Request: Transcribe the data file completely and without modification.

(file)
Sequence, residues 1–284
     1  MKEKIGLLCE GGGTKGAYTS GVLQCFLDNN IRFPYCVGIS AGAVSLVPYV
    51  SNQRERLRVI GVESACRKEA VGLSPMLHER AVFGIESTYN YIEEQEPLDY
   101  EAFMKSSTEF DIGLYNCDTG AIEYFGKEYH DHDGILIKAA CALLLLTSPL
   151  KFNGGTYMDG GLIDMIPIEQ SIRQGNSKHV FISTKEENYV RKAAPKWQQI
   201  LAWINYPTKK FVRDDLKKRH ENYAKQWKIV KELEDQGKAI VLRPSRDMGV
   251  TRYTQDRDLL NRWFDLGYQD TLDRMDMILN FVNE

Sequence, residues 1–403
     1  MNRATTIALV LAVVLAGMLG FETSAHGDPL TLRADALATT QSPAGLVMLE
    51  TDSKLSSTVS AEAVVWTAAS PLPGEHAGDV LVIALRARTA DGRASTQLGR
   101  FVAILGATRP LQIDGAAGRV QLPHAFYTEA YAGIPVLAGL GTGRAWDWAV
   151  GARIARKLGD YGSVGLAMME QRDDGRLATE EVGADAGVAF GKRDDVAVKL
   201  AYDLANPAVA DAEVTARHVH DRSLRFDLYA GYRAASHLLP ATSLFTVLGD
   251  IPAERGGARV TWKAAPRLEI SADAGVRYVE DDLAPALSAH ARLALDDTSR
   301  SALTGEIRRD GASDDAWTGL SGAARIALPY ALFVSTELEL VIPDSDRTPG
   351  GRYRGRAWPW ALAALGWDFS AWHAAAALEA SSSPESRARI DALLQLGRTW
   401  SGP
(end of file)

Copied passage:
Sequence, residues 1–284
     1  MKEKIGLLCE GGGTKGAYTS GVLQCFLDNN IRFPYCVGIS AGAVSLVPYV
    51  SNQRERLRVI GVESACRKEA VGLSPMLHER AVFGIESTYN YIEEQEPLDY
   101  EAFMKSSTEF DIGLYNCDTG AIEYFGKEYH DHDGILIKAA CALLLLTSPL
   151  KFNGGTYMDG GLIDMIPIEQ SIRQGNSKHV FISTKEENYV RKAAPKWQQI
   201  LAWINYPTKK FVRDDLKKRH ENYAKQWKIV KELEDQGKAI VLRPSRDMGV
   251  TRYTQDRDLL NRWFDLGYQD TLDRMDMILN FVNE

Sequence, residues 1–403
     1  MNRATTIALV LAVVLAGMLG FETSAHGDPL TLRADALATT QSPAGLVMLE
    51  TDSKLSSTVS AEAVVWTAAS PLPGEHAGDV LVIALRARTA DGRASTQLGR
   101  FVAILGATRP LQIDGAAGRV QLPHAFYTEA YAGIPVLAGL GTGRAWDWAV
   151  GARIARKLGD YGSVGLAMME QRDDGRLATE EVGADAGVAF GKRDDVAVKL
   201  AYDLANPAVA DAEVTARHVH DRSLRFDLYA GYRAASHLLP ATSLFTVLGD
   251  IPAERGGARV TWKAAPRLEI SADAGVRYVE DDLAPALSAH ARLALDDTSR
   301  SALTGEIRRD GASDDAWTGL SGAARIALPY ALFVSTELEL VIPDSDRTPG
   351  GRYRGRAWPW ALAALGWDFS AWHAAAALEA SSSPESRARI DALLQLGRTW
   401  SGP